A labor activist’s Instagram post alleging he was tortured while in the custody of Iran’s Intelligence Ministry triggered a wave of revelations about torture committed against political prisoners and prisoners of conscience and unleashed a debate among Iranians on social media.
Under the Farsi hashtag of “I was tortured too,” human rights activists published numerous reports of torture of detainees during interrogations. They revealed that in addition the detainees were subjected to sexual torture, amputation, beatings with electric shocks and other forms of torture.
The Iranian regime as always denied the use of torture despite numerous reports that prove the regime uses torture to extract forced confessions from prisoners or to break the spirit of political prisoners.
Meanwhile, the regime’s Prosecutor-General expressed regret that a number of “divine punishments” are set aside to save Iran from being condemned by international bodies.
The mid-ranking cleric, Mohammad Jafar Montazeri’s comments are published at a time that the mullahs have been repeatedly criticized for implementing “hudud”.
The clerical regime has never hesitated or been shy to implement corporal punishments which tantamount as torture, describing these punishments as a divine gift and adherent to Islam.
All the while they don’t even comply with Islam’s written rules and apply punishments like stoning, which predate Islam. According to the Quran, criminal laws must be adapted to any era and can’t be followed verbatim from the holy book. The fact is that the mullahs aim to take advantage of the name of Islam to suppress the people and prolong the life of their dictatorship. They use Sharia Law to intimidate the Iranian people and stifle the voice of dissidents and protesters.
The month of January was marked by numerous instances of human right abuses.
Iran Human Rights Monitor’s Monthly Report – January 2019 reviews the executions, breach of freedom of expression and assembly, cruel and degrading punishments, mistreatment of prisoners, breach of freedom of religion and belief, discrimination against women and ethnic minorities and lack of basic rights.
There were 12 executions of which five were carried out in public.
Human rights activists reported that an innocent man was hanged in northwest Tehran.
The mother of Mohsen Rezaie, the executed prisoner, said that her son was forced to confess to murder under torture.
She said that judicial officials had told her that they had found evidence that her son was innocent.
“They transferred Mohsen to solitary confinement on Monday. I approached all relevant institutions but they did not listen to me. I told them that he was supposed to be acquitted and that they had told me themselves that they had found evidence that my son was innocent. I went to the Prosecutors office and they refused to even talk to me,” Mohsen’s mother said.
The clerical regime also publicly executed a 31-year-old man in January for an alleged violation of the country’s anti-gay law.
Richard Grenell, the U.S. ambassador to Germany said: “I am committed to a more aggressive coordination with our European allies to make clear that criminalizing homosexuality or publicly hanging someone for being gay is incompatible with the UN’s Universal Declaration of Human Rights.”
A woman identified only as M.A, is among those executed. She is the 87th woman who is executed under Hassan Rouhani, the Iranian regime’s president.
Torture, inhuman or degrading punishment
At least 23 flogging sentences were issued, while seven were carried out including one in public.
Iran does not consider flogging as torture or an inhumane punishment and uses it to “set an example”.
The chairman of the Parliament’s Committee on Industries and Mines recently encouraged the use of flogging and execution for “economic offenders”.
“If two people are thoroughly flogged and if two people are executed in a timely manner for controlling the market, it will be a lesson for everyone else,” Aziz Akbarian said in an interview with the state-run Alborz Radio in late December 2018.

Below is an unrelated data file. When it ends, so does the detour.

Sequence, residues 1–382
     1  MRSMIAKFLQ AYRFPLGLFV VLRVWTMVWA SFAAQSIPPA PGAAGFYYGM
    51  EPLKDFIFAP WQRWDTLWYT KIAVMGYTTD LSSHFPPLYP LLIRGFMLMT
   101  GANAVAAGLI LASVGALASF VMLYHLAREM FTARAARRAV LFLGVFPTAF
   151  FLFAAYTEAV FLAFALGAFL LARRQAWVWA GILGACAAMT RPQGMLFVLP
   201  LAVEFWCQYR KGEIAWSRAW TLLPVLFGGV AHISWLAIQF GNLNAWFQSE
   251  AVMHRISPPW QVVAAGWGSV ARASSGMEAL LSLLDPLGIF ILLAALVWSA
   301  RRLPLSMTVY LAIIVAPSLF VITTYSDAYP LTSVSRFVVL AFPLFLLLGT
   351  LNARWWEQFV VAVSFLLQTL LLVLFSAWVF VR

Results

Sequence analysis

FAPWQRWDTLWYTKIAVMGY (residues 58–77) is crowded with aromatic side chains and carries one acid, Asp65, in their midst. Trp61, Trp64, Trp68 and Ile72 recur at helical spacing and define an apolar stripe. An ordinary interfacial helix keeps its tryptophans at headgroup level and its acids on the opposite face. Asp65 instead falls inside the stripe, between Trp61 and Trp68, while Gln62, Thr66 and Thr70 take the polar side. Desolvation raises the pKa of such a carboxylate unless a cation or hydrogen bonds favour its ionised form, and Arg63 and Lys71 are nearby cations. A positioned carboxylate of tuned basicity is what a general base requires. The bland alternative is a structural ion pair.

- A judicial official said that five people were flogged in northeastern Iran. The Chief Justice of North Khorasan Province said that the “offenders” were sentenced to flogging for negligence and that the flogging sentences had been carried out. The five men were administrators in the North Khorasan Medical Sciences University.
“In relation to the negligence in preserving public property and financial issues, five offending administrators at the Medical Sciences University were sentenced to flogging and the sentence was implemented,” Asdollah Jafari said on January 30 during a press briefing covered by Mehr state-run news agency.
No other details on the case were disclosed and it was not clear how many lashes each person had received.
- A man identified as Esmail Arbabi was flogged in public for the second time in Iranshahr on charges of robbery. According to eye witnesses, the lashing was so violent that the victim passed out and was taken to the hospital unconscious. He was also sentenced to two years of prison.
The authorities also continued to harass prisoners and human rights activists.
In an episode that highlights Iranian authorities’ mistreatment of prisoners, Hassan Beit Abdullah, held at Masjed Soleyman Prison, southwest Iran, was tied to a pole in the prison’s courtyard for three days.
Lawyers, human rights defenders
- Imprisoned human rights attorney Mohammad Najafi was sentenced to two more years in prison in Iran on January 22, 2019—bringing the total number of years he has been condemned to serve to 19.
The sentences have been issued over the course of several trials held over the last few months. In the latest trial at Branch 102 of the Criminal Court in Shazand, Markazi Province, the 43-year-old was also fined four million tomans (approximately $950 USD), according his lawyer Payam Derafshan.
- Civil rights activists, Reza Khandan and Farhad Meysami have been sentenced to six years, banned from contributing to media and using social media for two years, their attorney, Mohammad Moqimi, reported.
- In their first trial session since being detained in Iran one year ago, eight conservationists learned on January 30, 2019 that the first half of their indictment is based on one detainee’s retracted forced “confessions.”
Part of the 300-page indictment was read to defendants Houman Jowkar, Taher Ghadirian, Morad Tahbaz, Sepideh Kashani, Niloufar Bayani, Amir Hossein Khaleghi, Sam Rajabi and Abdolreza Kouhpayeh in their closed-door trial at Branch 15 of the Revolutionary Court presided by Judge Abolqasem Salavati.
According to the judiciary’s news site, the defendants’ court appointed lawyers were present at their first trial session. But attorney Mohammad Hossein Aghasi told the state-run IRNA news agency that he had not been invited to the trial.
Inhumane treatment of prisoners
Denial of treatment
- Political prisoner Sohail Arabi, held in the Greater Tehran Prison, is currently in critical condition, suffering from intense bleeding due to a broken nose. Regime officials are refusing to allow this political prisoner to seek medical treatment despite this life threatening status and continuous pains from his broken nose. For months, Arabi has been deprived from any medical care or surgery, literally placing him under torture for several months now.